In Baku, there was a Turkist cultural fervor, an eagerness to reconnect with the pas, a wish to “go back to the people” in order to recapture the “true” Turkish language – all things that Ankara experienced from 1928 to 1932. The same questions were posed: which alphabet should be used? And what will be the cultural effects of that choice11?
It was in Azerbaijan, and not in Turkey, that the alphabet issue was raised for the first time, as early as in 1863, and it was in Baku that before the Convention, a commitee for the dissemination of the Latin alphabet was at work. The alphabet suggested by the Convention was an example of Baku's advance on Ankara, where the latin alphabet was only adopted in 1928.
Later on, Kemalism managed to persuade people that Turkey was the first secular Muslim Republic, but the intellectuals in Kazan, Baku and Crimea had been several steps ahead and imported those ideas to Turkey. What is more, Azerbaijan had not been alone in that pioneering role: the constitution of the short-lived Tatar Republic of Crimea (1918) declared voting equality between men and women. Therefore, the Baku Convention was a sort of challenge for Turkey, and the Soviet state was further along in its support of Turkish studies.
Was Adam Turkish?
Turks in Kemalist times could have just relayed the work of Western academics, furthered their studies and given turkology a “national” twist which, in those days of search for a new – and real – identity would have been perfectly understandable. Was it the result of the rivalry with Baku? Was there one-upping on the part of Turks? The fact is that Kemalists were not satisfied by the outcome and promises of archaeology and history. The years following the Baku Convention saw, on the one hand, the emergence of state-organized historical research in Turkey, and on the other a popular surge of Gökalp's romantic musings fueled by Leon Cahun's books.
Turkish historiography would not just make use of discoveries, of what was known (such as the Orkhon inscriptions), but would also cleverly exploit the unknown, the uncertainties of archaeology and history. The origins of some civilizations, such as Sumerians, Etruscans, Cretans, and the newly discovered Hittites remained problematic. More broadly, how the “neolithic revolution” happened – the decisive progress of man in India, Mesopotamia, Egypt and Europe around 4,000 B.C. – was still a mystery.
There was much passion in scientific societies about subjects at the confines of geology and prehistory, as shown by J.-H. Rosny aînés popularizing novels. Following in Leon Cahun's footsteps, people were trying to draw the contours of a vast inner sea that had supposedly covered much of central Asia after the last glaciation. Various popularizers proposed maps, and famous writer H.G. Wells made a mention of this in his (Short History of Mankind1925). The work was translated into Turkish as early as in 1927 by the Ministry of Education.
In effect, Turkish turkologists imagine a blooming proto-Turkish civilization along the shores of that sea, very advanced compared to all the others. The drying up of that sea, thousands of years ago, would explain large-scale migrations of Turkish peoples. Kemalist historians thus began to to dream of a sort of Atlantis of the sands. National enthusiasm carried their fantasies beyond what was reasonably conceivable. Leon Cahun's ideas, developed in 1873, were called up again: Turks – belonging to the brachycephalic race – went far and wide carrying their language and civilization, to the very limits of the continent. These “historical theses” were also thought to solve the problem of the origins of the Sumerians and even an explanation to the progress made by the Chinese, Indians, Egyptians, and all the Europeans in the neolithic age.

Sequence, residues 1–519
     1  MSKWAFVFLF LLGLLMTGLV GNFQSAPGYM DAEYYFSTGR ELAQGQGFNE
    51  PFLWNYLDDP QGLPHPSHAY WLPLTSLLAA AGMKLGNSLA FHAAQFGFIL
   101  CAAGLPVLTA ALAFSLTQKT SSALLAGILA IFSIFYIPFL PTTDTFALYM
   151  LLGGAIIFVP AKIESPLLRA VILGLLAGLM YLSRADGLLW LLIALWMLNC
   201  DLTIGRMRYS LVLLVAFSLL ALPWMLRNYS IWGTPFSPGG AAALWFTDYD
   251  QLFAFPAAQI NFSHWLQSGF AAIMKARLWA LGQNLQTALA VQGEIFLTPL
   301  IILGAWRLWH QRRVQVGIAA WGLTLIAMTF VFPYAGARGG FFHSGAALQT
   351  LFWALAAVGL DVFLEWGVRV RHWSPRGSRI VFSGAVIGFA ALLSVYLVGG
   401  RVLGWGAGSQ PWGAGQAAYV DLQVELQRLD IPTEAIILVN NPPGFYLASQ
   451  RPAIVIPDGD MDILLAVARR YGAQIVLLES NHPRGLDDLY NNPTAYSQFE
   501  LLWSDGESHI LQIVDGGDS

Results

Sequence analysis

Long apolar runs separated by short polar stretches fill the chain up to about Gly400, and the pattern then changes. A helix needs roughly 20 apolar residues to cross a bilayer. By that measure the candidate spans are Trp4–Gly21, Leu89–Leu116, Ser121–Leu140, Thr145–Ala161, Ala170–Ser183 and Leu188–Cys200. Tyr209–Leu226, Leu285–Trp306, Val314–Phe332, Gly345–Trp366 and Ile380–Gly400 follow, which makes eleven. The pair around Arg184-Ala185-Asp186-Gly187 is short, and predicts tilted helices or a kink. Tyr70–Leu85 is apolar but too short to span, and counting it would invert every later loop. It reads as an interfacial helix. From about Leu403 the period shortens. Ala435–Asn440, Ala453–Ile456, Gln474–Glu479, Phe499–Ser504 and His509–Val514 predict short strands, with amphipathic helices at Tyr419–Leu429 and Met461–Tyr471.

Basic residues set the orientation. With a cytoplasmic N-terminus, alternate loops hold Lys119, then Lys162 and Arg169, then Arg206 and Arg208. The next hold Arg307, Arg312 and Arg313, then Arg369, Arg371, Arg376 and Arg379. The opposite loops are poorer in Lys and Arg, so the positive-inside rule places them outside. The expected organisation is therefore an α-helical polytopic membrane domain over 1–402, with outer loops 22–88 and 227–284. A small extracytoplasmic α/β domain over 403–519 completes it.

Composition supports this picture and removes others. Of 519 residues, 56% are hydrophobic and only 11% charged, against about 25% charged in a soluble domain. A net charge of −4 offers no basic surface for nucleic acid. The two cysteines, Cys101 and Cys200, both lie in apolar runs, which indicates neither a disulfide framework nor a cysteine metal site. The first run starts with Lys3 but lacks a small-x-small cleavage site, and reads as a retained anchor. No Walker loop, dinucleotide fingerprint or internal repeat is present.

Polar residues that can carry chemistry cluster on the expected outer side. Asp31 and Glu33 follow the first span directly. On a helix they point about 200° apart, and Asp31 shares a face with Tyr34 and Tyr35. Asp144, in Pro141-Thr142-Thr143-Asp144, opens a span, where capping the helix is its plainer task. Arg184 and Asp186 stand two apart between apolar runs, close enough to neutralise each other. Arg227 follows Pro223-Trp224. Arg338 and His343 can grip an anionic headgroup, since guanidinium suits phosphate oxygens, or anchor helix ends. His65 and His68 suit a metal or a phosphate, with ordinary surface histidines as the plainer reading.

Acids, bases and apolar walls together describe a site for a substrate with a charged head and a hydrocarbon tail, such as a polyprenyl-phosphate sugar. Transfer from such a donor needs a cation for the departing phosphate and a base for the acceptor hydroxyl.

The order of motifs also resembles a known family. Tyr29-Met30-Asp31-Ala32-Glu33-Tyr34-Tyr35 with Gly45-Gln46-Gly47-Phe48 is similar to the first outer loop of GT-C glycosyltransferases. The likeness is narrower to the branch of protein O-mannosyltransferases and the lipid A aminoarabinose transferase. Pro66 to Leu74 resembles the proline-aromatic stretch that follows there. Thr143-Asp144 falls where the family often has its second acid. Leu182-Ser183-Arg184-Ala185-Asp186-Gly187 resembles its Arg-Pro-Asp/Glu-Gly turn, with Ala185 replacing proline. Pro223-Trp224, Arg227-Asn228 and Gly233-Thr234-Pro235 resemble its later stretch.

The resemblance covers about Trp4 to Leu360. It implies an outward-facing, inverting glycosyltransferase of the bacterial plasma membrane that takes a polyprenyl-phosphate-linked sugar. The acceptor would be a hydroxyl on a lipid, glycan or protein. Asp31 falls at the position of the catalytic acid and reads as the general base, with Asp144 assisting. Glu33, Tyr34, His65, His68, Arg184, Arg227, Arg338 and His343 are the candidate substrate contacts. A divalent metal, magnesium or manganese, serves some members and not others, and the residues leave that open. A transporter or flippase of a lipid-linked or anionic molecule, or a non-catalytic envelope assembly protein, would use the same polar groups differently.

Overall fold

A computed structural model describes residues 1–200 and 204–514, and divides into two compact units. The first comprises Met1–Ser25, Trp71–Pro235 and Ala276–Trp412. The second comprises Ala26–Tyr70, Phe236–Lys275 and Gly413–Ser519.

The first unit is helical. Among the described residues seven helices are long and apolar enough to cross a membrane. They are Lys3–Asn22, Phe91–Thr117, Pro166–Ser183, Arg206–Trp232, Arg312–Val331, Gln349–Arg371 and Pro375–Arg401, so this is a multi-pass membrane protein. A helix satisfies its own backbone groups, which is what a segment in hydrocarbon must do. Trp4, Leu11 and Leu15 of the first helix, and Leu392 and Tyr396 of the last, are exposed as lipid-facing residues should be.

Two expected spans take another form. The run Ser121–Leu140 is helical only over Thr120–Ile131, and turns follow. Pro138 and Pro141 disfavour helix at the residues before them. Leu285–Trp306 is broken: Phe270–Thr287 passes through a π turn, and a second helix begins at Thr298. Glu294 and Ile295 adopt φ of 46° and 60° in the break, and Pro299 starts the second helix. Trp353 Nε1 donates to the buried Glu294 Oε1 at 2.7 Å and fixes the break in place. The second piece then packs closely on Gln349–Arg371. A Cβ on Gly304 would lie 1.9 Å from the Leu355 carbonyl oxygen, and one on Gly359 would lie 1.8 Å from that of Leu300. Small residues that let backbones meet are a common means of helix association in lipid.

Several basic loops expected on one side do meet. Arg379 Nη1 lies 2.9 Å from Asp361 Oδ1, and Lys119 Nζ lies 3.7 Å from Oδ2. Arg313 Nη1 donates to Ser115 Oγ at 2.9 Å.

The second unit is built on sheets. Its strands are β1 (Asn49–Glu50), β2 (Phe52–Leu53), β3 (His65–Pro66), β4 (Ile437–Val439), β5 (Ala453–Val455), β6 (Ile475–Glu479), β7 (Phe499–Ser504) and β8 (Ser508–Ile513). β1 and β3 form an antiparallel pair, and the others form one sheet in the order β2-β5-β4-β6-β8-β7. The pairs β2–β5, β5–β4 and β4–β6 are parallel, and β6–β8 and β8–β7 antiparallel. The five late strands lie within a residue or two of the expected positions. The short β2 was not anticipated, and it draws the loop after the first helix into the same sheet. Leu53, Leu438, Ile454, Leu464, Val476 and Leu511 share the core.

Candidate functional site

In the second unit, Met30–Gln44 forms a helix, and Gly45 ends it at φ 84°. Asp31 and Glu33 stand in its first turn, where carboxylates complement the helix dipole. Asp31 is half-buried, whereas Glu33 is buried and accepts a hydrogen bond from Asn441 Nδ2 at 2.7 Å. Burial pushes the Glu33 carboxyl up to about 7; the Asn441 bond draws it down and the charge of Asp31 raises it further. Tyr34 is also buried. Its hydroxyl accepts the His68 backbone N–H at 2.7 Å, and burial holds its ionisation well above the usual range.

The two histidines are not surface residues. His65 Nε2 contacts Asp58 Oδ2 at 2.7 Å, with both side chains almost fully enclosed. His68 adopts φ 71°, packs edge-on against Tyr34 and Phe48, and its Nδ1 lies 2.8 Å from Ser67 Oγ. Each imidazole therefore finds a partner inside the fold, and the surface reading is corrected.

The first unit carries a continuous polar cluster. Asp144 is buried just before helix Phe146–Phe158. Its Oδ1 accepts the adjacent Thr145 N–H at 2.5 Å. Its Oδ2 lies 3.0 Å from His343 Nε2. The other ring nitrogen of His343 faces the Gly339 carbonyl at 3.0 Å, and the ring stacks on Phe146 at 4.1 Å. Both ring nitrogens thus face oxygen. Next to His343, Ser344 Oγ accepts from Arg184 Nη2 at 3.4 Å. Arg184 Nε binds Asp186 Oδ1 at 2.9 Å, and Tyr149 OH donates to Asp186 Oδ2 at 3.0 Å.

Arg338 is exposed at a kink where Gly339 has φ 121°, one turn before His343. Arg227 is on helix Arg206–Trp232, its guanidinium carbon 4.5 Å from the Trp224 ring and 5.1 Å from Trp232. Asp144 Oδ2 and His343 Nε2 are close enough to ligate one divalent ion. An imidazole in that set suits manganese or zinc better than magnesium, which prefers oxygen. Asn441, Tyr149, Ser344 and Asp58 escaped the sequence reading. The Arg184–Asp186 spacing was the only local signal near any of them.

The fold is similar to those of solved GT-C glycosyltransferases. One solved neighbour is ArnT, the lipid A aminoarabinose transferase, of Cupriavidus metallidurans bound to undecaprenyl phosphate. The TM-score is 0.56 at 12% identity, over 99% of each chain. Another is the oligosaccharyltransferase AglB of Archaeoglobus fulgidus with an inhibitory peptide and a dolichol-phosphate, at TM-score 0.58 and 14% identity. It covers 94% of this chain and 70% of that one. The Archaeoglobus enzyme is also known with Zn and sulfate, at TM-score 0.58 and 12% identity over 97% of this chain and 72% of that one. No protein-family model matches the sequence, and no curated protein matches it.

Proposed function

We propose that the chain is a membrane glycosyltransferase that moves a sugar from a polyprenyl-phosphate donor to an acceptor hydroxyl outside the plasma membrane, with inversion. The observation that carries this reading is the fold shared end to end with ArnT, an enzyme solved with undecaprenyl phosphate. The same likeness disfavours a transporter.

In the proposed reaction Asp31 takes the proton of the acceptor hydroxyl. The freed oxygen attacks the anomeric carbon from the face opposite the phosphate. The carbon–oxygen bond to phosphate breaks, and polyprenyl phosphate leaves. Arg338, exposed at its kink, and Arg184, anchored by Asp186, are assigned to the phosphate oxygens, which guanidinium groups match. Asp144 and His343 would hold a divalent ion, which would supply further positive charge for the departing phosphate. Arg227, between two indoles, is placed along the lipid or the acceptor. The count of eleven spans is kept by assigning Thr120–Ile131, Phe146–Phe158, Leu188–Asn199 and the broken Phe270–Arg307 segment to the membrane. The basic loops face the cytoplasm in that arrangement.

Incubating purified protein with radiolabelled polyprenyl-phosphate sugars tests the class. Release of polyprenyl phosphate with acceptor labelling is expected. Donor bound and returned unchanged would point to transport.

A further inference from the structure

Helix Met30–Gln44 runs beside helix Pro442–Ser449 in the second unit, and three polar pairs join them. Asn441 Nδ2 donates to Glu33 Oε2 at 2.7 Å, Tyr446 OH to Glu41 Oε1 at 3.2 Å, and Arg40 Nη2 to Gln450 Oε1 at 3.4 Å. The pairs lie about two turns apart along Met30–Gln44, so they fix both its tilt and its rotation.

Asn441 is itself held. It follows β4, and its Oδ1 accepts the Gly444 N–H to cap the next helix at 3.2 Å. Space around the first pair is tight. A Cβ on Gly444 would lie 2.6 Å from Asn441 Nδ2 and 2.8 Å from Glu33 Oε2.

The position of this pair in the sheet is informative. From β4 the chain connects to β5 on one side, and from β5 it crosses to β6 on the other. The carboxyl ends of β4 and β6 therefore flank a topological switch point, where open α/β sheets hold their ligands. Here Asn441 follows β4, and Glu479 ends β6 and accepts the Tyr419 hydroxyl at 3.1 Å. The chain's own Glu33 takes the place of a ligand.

Already Cahun thought he could bring linguistic proof of that. Turks took up his ideas with the intention of bringing them further: they would prove that Turkish and Indo-European languages stemmed from a common root, and show all the world languages to be derived from a Turkic root. This was the Sun Language theory as developed in the mid-1930s. History theses and Sun Language theory mobilized Kemalist intellectuals of the era. Prehistory, ancient history, linguistics, and anthropology became prominent sciences.
The explanation of the world through Turkish origins also resolved the problem of the history of Anatolia, the “in-law family”. Turks had been living in Anatolia for nine centuries, but it was also peopled with Armenians and Greeks. The question of Armenians had been dispatched with the brutality that we know, but Greece was claiming lands and initiated a military occupation of Western territories in 1919. Still, Atatürk was not satisfied with Turkey's military victory in 1922 and the population exchanges that followed. After vanquishing, booting out and expelling the hereditary enemy, he insisted on taking away from the Greek any historical ground to their national claims, and to prove that Anatolia had been Turkish long before the arrival of the Greeks.
Turkish nationalism would then make use of archeology: in 1930, the Hittites were starting to be better known as excavations in Boğazköy had started in 1906. But the language remained obscure and academics of the times could not find any correspondence with known ancient languages. Turkish linguists rushed into that breach: it was too tempting to claim that Hittites were old Turks who had migrated from Central Asia, even though linguistics was about to prove that Hittites were Indo-Europeans. In 1936-37, the Sun Language theory was put forward to “prove” that all languages proceeded from Turkish!
By exploiting both the breakthroughs and the gaps in scientific knowledge, Kemalist historians forged a “new past” in response to their all-important need to restore the Turks' glorious past – and no longer the Ottomans' glory. The breakup with the Islamic past was definitely complete.